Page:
# properties : list of proprietary properties to add
#     name of the property (for reference)
#     obj_id : instance of the property, usually an integer
#     datatype : the kind of data for this property. Refer to `bacpypes.primitivedata` or `bacpypes.constructeddata`
#     mutable : true = writable, default to false

Once the dictionary is completed, you need to call the spceial function create_proprietaryobject. This function will dynamically create the class and register it with bacpypes so you will be able to read and write to the object.

To access the information (for now), you will use this syntax

# Suppose an MSTP controller at address 2:5, device instance 5003
# Vendor being Servisys (ID = 842)
# Proprietary property added to the device object with object ID 1234'2:5 device 5003 1234', vendor_id=842)

If you want to look at the object registration, you can use this

from bacpypes.object import registered_object_types

It is a dictionary containing all the registered type in use. As you can see, the majority of the registration use vendor_id 0 which is the default. But if you register something for another vendor_id, you will see a new dictionary entry. Using the special argument “vendor_id” will then inform bacpypes that we want to use the special object definition for this particular vendor.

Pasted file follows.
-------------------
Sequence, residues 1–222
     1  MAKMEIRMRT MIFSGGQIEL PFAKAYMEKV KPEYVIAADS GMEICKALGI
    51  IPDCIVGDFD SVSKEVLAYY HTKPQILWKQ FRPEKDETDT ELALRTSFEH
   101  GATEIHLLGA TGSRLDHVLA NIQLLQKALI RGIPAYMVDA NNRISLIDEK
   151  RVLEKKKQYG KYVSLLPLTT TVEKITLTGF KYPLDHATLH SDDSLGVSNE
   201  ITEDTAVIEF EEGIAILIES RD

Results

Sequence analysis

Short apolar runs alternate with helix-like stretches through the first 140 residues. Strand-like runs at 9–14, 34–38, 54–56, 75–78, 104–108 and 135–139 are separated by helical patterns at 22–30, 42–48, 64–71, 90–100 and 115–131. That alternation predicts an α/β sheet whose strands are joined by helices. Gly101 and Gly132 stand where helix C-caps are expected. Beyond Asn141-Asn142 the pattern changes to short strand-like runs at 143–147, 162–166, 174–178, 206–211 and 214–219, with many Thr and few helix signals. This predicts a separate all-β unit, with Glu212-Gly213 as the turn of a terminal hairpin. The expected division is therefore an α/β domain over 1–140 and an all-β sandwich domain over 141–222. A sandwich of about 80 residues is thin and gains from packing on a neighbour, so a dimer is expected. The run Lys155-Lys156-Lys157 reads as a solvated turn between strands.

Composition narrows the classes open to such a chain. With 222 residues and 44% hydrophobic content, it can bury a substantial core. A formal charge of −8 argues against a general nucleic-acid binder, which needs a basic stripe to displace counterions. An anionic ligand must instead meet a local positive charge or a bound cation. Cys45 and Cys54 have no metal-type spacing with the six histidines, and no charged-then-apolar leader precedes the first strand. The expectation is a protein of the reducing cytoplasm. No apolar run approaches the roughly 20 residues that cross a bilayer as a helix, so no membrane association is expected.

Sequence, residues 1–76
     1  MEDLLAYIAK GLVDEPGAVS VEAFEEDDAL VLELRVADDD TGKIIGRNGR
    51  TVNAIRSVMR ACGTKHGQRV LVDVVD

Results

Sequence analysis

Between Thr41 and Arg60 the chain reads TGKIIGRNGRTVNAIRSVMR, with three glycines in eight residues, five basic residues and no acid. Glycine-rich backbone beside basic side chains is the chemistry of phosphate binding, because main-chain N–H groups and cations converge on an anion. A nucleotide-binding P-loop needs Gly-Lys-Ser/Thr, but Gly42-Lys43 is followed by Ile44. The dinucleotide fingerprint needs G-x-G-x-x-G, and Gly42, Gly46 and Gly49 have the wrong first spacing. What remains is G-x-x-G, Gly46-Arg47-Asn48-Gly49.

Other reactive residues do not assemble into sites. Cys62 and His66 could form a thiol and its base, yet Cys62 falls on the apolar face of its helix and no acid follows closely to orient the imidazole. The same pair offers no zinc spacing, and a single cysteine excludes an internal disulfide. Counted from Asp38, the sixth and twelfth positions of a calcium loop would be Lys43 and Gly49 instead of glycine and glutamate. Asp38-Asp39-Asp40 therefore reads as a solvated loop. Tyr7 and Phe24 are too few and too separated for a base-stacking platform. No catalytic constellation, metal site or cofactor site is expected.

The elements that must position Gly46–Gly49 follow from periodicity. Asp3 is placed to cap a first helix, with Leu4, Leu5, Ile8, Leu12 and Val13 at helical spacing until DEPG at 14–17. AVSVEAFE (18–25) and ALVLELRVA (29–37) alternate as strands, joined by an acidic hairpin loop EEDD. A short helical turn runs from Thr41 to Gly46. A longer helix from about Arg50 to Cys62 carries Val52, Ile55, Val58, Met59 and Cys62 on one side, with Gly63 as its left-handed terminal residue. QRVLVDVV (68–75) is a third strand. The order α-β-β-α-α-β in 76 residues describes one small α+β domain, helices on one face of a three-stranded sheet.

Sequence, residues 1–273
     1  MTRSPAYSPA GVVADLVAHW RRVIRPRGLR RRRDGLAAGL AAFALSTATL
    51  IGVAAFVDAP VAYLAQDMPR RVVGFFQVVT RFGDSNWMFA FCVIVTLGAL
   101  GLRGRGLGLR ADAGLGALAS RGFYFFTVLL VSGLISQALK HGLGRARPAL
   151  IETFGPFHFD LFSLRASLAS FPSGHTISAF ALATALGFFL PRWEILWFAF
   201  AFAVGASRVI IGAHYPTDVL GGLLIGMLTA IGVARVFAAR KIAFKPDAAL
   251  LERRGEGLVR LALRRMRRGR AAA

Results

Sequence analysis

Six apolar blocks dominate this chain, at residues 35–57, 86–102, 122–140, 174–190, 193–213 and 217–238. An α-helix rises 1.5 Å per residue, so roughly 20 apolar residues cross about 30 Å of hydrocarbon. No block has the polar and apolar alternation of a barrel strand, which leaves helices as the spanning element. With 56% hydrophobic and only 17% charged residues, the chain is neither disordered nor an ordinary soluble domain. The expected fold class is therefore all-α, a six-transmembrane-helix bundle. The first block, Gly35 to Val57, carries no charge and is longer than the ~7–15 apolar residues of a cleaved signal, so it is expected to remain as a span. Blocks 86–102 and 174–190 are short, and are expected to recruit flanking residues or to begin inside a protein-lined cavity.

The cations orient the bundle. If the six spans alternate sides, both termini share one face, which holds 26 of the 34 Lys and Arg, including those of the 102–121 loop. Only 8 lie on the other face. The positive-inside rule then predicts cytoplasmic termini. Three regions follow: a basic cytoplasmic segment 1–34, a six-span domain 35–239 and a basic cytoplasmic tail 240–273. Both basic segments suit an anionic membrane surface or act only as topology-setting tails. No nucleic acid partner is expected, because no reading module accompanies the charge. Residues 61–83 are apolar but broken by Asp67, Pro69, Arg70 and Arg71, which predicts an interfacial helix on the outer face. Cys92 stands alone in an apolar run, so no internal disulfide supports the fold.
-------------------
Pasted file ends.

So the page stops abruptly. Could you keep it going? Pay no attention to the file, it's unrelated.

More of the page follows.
BAC0 will automatically register known proprietary classes at startup. See BAC0.core.proprietary_objects for details.

Proprietary objects

Proprietary object can be accessed using

# Let say device '2:5' have object (140,1)'2:5 140 1 objectName')

As they are proprietary objects, you will have to know what you are looking for. Typically, the properties objectName, objectIdentifier, will be available. But you will often see proprietary properties attached to those objects. See next section.

To read all properties from an object, if implemented, one can use

bacnet.readMultiple('2:5 140 1 all')

BAC0 will do its best to give you a complete list.


Please note that arrays under proprietary objects are not implemented yet. Also, context tags objects are not detected automatically. You will need to build the object class to interact with those objects. See next section.

Proprietary Property

One common case I’m aware of is the addition of proprietary properties to the DeviceObject of a device. Those properties may, for example, give the CPU rate or memory usage of the controllers. On the TEC3000 (JCI), there is a “SupervisorOnline” property needed to be written to, allowing the BAS schedule to work.

To declare those properties, we need to extend the base object (the DeviceObject in this case) pointing this declaration to the vendor ID so bacpypes will know where to look.

The following code is part of BAC0.core.proprietary_objects.jci and define proprietary properties added to the device object for JCI devices. Note that as there are multiple proprietary properties, we need to declare them all in the same new class (the example presents 2 new properties).